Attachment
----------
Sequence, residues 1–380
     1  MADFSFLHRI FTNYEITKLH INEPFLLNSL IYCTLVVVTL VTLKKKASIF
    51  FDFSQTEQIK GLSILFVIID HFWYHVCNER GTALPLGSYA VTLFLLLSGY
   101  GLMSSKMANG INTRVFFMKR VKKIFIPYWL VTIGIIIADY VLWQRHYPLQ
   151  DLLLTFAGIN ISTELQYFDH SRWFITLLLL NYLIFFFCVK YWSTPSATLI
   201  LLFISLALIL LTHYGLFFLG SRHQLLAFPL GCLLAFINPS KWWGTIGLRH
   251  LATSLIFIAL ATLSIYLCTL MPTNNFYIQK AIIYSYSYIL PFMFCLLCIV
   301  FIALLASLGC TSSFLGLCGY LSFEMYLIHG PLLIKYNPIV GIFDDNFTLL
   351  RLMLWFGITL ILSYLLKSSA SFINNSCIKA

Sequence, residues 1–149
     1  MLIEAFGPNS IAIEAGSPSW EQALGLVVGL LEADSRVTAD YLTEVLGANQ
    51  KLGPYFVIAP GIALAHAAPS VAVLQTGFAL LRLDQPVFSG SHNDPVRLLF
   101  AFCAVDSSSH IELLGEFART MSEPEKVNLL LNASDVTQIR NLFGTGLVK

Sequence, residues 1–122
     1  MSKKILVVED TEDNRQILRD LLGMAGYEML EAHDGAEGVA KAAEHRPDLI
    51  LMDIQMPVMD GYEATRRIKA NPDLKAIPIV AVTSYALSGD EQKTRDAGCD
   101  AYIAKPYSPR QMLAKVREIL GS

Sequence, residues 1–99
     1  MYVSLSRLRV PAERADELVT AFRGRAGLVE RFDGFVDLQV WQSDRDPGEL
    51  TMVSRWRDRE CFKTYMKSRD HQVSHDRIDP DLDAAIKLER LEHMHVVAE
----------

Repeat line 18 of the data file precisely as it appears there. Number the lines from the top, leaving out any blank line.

Sequence, residues 1–99